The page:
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this is what [the illusion of] democracy looks like

October 16, 2012

Green Party presidential candidate Jill Stein and her running mate Cheri Honkala were prevented from entering the grounds of tonight’s presidential debate and arrested for “obstructing traffic”:

Jill Stein, Cheri Honkala arrested, call tonight’s debate a “mockumentary”

The sad thing is, she (and candidates like her) could probably have a decent chance of winning if all the people claiming they like her and/or her platform actually supported her and her party financially and voted for her in November. Most of the people I know say they like her and wish she was ‘more electable’ or ‘had a chance,’ yet only a small handful are actively supporting her or planning on voting for her in November. I’m probably one of the few who will.

I understand the reasons why people are so reluctant to vote for her, especially the fact that her chances of winning are so slim. But that would obviously change if she had the support of all the people saying they like her, side with her, etc. It’s such a catch-22, and it drives me crazy, mainly because our outdated electoral system actively makes it so difficult for independents and third party candidates like Stein to compete with Democrats and Republicans, particularly in federal elections. And yet, if nobody is willing to help support these alternatives and make it easier for them to get on ballots, in debates, etc., how will they ever get a national platform?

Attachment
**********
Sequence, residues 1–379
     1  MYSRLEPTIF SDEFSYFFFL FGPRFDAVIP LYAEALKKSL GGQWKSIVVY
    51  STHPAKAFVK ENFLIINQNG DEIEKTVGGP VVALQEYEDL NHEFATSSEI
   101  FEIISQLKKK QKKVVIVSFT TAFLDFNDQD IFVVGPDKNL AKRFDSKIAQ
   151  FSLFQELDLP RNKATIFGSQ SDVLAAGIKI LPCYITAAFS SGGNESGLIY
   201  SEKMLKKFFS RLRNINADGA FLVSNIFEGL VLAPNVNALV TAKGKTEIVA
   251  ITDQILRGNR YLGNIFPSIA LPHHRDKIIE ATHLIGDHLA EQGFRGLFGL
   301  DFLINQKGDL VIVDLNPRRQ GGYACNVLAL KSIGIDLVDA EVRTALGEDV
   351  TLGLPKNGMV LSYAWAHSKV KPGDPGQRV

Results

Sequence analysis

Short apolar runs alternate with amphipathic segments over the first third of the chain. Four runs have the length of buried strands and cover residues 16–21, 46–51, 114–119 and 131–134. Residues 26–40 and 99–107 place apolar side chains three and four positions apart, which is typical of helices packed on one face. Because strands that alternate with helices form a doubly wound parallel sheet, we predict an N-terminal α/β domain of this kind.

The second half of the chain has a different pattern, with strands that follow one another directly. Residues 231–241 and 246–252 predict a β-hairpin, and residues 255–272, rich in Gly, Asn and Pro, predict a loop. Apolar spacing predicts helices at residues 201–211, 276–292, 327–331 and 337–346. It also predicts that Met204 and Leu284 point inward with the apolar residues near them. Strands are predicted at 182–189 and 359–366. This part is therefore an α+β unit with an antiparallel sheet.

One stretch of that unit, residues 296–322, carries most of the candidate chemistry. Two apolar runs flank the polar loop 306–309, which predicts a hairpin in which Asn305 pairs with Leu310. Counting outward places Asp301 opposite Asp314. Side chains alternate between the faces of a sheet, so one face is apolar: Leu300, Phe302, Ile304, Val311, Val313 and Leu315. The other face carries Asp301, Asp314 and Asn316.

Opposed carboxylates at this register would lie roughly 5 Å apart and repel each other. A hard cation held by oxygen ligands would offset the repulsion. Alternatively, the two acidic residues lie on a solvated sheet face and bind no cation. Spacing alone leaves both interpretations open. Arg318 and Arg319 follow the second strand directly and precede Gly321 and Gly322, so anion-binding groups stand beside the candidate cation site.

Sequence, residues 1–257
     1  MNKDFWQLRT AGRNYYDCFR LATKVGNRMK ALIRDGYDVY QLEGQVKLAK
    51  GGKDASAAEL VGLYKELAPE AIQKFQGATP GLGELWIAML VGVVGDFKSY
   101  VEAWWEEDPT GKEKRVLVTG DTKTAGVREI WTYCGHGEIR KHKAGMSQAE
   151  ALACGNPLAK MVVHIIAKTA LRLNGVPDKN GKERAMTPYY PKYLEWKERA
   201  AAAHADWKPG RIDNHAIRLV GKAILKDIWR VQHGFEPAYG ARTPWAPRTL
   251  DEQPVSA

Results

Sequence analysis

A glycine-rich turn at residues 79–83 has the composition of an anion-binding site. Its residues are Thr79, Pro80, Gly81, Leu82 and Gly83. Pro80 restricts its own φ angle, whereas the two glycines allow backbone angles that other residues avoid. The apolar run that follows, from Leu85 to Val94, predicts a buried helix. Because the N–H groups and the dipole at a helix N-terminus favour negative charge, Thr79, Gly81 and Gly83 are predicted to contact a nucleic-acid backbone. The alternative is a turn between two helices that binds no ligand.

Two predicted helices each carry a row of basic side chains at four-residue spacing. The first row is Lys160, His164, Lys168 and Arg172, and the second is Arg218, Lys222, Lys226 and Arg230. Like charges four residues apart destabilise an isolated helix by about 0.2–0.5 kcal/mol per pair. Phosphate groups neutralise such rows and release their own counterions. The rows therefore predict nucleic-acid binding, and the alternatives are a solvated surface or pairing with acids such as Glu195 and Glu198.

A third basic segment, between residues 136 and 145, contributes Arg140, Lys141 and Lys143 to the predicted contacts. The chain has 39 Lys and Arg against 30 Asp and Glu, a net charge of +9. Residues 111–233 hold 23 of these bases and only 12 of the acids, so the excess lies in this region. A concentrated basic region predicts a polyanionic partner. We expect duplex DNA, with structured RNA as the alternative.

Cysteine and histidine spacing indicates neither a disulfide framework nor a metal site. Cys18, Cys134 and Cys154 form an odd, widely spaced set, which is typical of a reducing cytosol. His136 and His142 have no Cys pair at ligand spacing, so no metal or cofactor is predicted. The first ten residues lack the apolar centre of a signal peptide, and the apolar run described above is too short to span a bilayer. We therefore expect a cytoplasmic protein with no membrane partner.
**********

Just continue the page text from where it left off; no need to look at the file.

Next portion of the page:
The two dominate parties make this extremely difficult, and simply supporting these two parties in elections with votes and donations instead of independent and third party candidates like Stein only makes it that much harder for the latter to compete nationally. The way I see it, we’ll be stuck with a two-party system until we get off our collective asses, organize, and push for electoral changes while also supporting alternative parties/candidates. If we don’t support them now, they’ll never have a chance. Parties and candidates don’t just magically become nationally popular and electable, nor do they do so on their own. Their failure is in some respects our failure too.

As difficult as building a viable alternative to the status quo and changing election laws is, it’s not impossible. But it’ll only be possible when people like you and me put our time and effort into organizing it because it is such an uphill battle. I don’t see why this is so hard to understand. It’s not like electoral politics is a free market. The Democrats and the Republicans essentially have a monopoly, and they make it disproportionately difficult for independents and third parties to compete. To counter that, we need more citizen support, not less.


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